Abstract 15174: Predictors of Lack of Right Atrial Reverse Remodeling after Atrial Septal Defect Device Closure
Purpose: Despite the evidence for the benefits of device closure of atrial septal defect (ASD) on right atrial (RA) volume, there are still some patients with persistent RA enlargement which may be related to the subsequent development of atrial fibrillation. This prospective study evaluated the prevalence and determinants of residual atrial enlargement at mid-term after ASD closure in adults.
Methods: Echocardiography was done in 44 consecutive patients (47±17 yrs, 10 males) with secundum ASD and without history of atrial arrhythmia before and at 3 month after ASD closure. Residual RA enlargement, defined as RA volume index (RAVI) ≥21ml/m2, was measured by monoplane area-length method at the end-systole.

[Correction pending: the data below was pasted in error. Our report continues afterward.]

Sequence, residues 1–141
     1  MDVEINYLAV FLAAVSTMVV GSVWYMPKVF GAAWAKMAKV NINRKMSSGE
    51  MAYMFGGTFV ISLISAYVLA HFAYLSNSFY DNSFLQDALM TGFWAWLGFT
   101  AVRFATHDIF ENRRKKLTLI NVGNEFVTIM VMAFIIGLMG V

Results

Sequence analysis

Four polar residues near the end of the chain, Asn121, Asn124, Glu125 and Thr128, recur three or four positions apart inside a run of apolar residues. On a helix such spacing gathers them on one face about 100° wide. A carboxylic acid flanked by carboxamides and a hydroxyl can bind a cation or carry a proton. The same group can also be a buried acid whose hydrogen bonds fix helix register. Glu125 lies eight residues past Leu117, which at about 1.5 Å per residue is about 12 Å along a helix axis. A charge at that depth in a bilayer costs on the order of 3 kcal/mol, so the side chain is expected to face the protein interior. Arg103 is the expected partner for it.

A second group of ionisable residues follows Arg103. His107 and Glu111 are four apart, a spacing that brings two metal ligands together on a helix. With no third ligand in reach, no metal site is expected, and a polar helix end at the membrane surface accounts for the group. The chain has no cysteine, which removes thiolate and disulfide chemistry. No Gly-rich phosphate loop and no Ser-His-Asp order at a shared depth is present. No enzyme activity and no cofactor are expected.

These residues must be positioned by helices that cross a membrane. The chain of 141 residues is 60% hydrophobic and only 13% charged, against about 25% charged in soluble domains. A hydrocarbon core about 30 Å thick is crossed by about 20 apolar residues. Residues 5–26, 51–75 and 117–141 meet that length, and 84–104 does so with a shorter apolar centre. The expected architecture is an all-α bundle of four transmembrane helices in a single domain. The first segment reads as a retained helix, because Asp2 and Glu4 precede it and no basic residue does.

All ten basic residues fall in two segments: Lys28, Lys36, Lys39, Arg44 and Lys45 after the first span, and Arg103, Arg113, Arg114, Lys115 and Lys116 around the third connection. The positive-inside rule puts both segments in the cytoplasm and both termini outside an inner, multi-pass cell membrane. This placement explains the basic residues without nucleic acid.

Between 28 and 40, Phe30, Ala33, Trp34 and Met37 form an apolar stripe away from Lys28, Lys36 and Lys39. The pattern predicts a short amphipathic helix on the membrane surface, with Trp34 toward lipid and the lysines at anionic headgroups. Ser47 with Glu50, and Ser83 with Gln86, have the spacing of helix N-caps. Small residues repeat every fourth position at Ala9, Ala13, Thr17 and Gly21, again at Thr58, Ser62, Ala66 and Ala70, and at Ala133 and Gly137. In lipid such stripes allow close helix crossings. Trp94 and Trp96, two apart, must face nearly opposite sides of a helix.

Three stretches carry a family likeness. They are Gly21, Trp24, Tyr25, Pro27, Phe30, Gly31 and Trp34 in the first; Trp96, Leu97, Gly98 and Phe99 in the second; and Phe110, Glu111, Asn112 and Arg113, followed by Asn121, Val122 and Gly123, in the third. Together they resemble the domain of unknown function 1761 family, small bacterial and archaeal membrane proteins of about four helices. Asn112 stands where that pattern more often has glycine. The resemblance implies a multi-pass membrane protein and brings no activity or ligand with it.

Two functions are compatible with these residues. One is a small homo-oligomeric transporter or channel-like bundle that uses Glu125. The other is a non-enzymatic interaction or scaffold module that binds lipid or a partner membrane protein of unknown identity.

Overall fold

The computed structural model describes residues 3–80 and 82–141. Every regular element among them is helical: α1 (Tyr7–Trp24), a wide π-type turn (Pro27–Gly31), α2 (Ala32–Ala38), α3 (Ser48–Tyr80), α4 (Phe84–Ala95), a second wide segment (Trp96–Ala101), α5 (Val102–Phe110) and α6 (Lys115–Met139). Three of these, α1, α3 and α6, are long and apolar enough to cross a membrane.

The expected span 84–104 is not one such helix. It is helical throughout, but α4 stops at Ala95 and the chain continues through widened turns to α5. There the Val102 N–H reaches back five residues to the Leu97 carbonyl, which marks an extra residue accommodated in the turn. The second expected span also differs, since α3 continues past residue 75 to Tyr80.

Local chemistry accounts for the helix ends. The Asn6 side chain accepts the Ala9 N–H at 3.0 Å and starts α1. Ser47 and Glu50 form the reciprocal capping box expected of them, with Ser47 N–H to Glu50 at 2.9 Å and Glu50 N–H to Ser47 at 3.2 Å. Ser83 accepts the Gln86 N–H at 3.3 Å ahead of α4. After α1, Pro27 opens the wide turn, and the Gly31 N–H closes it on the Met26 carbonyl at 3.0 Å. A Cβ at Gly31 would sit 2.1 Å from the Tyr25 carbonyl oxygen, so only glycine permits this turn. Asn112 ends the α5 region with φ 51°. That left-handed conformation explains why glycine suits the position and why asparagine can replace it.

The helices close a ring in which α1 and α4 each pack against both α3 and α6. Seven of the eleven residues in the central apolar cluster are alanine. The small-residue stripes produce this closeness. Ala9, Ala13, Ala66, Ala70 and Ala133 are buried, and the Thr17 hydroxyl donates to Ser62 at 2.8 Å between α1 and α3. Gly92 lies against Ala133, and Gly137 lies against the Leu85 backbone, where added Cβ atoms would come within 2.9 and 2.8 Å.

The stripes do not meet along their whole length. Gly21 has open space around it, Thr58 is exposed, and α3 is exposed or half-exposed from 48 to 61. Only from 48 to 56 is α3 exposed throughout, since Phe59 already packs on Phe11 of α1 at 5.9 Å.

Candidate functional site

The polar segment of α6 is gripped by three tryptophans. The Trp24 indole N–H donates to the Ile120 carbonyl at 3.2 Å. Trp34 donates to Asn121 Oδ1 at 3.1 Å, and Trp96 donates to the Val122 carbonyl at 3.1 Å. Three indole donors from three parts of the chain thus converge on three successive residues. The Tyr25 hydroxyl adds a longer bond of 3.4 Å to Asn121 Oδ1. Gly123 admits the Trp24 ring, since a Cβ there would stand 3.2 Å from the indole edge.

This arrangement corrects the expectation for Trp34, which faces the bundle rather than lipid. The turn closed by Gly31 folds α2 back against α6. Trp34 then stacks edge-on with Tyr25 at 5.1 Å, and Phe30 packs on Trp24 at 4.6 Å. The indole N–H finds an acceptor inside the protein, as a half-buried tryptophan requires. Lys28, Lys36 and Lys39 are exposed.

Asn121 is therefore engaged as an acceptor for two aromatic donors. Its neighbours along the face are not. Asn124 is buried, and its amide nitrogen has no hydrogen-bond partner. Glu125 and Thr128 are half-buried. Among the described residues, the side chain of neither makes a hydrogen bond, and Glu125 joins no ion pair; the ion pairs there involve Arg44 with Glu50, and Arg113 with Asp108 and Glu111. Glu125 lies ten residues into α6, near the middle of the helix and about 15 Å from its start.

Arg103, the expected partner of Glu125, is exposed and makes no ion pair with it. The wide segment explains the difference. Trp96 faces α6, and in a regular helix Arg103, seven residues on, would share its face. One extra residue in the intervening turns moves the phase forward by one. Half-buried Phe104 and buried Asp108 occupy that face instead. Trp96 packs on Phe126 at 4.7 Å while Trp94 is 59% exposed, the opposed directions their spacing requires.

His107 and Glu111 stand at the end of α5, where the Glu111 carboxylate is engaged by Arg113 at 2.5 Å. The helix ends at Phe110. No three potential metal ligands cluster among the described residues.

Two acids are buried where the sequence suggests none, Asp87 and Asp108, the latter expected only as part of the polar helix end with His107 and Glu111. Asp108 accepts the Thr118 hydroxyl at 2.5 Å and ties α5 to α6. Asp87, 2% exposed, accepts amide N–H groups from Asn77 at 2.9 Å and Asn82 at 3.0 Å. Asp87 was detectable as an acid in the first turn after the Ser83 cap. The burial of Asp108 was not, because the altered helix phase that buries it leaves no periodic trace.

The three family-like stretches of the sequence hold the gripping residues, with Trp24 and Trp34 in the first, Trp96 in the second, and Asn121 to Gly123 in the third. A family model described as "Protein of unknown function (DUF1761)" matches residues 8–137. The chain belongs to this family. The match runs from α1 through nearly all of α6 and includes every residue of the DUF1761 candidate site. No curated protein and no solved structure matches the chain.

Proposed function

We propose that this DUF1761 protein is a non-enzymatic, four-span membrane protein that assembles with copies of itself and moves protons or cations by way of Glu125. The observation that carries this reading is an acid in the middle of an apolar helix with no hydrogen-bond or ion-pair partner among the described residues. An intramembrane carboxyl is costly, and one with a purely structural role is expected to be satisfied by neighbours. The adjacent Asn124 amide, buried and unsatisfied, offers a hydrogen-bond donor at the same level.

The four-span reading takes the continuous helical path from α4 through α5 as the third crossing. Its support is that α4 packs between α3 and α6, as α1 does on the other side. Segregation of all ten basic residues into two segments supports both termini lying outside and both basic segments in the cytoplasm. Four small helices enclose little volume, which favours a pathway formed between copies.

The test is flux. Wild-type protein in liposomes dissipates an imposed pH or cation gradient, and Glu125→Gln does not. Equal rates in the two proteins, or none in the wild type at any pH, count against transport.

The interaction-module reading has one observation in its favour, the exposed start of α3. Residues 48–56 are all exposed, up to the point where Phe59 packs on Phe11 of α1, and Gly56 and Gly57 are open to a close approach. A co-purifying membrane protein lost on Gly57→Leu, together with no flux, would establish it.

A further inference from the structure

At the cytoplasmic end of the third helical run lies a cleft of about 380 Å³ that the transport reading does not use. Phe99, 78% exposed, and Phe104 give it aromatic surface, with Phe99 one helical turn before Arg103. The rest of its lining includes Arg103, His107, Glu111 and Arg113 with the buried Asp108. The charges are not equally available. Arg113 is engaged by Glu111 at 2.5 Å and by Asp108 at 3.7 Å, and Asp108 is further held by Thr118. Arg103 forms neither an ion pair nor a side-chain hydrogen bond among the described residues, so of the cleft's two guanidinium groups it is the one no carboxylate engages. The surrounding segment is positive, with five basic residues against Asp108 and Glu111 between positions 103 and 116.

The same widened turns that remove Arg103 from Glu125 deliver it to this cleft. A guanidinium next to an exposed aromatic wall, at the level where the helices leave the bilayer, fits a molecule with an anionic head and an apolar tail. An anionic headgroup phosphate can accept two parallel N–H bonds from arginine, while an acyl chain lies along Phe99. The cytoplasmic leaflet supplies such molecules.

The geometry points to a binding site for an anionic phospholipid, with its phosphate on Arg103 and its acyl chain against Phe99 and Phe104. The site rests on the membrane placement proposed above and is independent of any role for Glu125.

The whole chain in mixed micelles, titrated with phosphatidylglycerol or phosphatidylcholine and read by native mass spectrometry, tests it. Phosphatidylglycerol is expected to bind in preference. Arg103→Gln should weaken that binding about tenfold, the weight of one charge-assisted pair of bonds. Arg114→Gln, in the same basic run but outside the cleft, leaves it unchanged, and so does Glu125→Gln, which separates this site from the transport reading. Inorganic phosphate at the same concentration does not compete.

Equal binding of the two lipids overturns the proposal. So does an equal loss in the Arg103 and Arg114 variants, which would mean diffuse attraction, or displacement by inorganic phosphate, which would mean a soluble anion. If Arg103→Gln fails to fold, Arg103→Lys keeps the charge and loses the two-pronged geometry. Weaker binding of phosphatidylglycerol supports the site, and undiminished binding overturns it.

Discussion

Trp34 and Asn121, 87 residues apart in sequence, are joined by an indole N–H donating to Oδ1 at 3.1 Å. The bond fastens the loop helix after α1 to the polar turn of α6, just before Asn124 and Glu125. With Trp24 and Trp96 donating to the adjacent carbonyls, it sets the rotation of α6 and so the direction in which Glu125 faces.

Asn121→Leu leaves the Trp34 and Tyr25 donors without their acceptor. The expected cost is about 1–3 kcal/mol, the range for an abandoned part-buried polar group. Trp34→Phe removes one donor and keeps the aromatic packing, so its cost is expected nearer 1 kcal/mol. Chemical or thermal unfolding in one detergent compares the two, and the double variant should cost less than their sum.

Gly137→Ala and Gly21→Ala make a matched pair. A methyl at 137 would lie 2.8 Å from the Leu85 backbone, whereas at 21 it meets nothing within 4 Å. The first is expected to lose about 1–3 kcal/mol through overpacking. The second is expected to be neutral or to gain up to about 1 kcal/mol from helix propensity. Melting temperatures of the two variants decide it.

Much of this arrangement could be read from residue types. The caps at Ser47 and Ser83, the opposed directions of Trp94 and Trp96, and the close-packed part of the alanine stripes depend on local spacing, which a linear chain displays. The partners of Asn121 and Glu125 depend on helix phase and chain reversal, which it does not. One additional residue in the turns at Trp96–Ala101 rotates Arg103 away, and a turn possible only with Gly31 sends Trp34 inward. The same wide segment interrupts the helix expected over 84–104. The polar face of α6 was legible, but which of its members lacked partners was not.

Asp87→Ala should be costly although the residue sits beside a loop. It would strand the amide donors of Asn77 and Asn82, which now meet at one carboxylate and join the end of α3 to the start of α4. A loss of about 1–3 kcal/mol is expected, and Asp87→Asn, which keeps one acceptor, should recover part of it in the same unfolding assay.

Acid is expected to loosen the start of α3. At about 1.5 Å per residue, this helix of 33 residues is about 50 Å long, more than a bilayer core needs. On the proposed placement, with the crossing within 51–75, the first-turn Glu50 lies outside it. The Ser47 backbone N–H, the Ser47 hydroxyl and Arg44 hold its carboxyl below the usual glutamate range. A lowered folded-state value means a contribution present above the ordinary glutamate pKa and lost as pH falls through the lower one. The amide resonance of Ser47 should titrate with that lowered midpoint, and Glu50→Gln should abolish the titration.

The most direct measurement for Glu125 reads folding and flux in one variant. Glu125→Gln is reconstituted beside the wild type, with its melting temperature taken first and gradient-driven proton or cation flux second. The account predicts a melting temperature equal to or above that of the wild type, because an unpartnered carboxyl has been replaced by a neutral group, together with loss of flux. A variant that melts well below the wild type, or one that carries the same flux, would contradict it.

Results: Before closure, all patients had enlarged RA which reduced in sizes at 3 month (RAVI: 83±45 vs. 43±28 ml/m2, p<0.001). However, 25 (57%) patients exhibited residual RA enlargement. They were older, had a larger shunt, a higher pulmonary arterial pressure, more tricuspid regurgitation and larger right ventricular volume and RAVI at baseline compared to those with normalization of RA volume (Table 1). Multivariate logistic model with these covariates showed pre-closure RAVI was the only independent determinant for residual RA enlargement (odds ratio: 1.12, p=0.018). Receiver Operating Characteristic (ROC) curve revealed that a cut-off value of RAVI ≥40ml/m2 was 84% sensitive and 72% specific in predicting residual RA enlargement. Pre-closure RAVI correlated to the age at closure and the magnitude of interatrial shunting (both r=0.51, p<0.01).
Conclusion: RA volume normalized in only about half of adults at mid-term after ASD device closure and residual RA enlargement was related to an excessive pre-closure RA dilatation. This suggests ASD be closed timely in adult before irreversible structural damage to RA. Long-term follow up is warranted to explore the relation between residual RA enlargement and the risk of developing atrial arrhythmias.
- © 2010 by American Heart Association, Inc.